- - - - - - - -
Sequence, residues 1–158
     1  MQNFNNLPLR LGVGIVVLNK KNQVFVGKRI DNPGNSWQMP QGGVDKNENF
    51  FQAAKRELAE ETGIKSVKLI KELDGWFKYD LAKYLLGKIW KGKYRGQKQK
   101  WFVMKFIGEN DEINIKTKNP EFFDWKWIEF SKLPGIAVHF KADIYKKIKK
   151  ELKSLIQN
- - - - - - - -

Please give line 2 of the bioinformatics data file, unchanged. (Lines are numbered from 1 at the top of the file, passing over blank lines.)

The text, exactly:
     1  MQNFNNLPLR LGVGIVVLNK KNQVFVGKRI DNPGNSWQMP QGGVDKNENF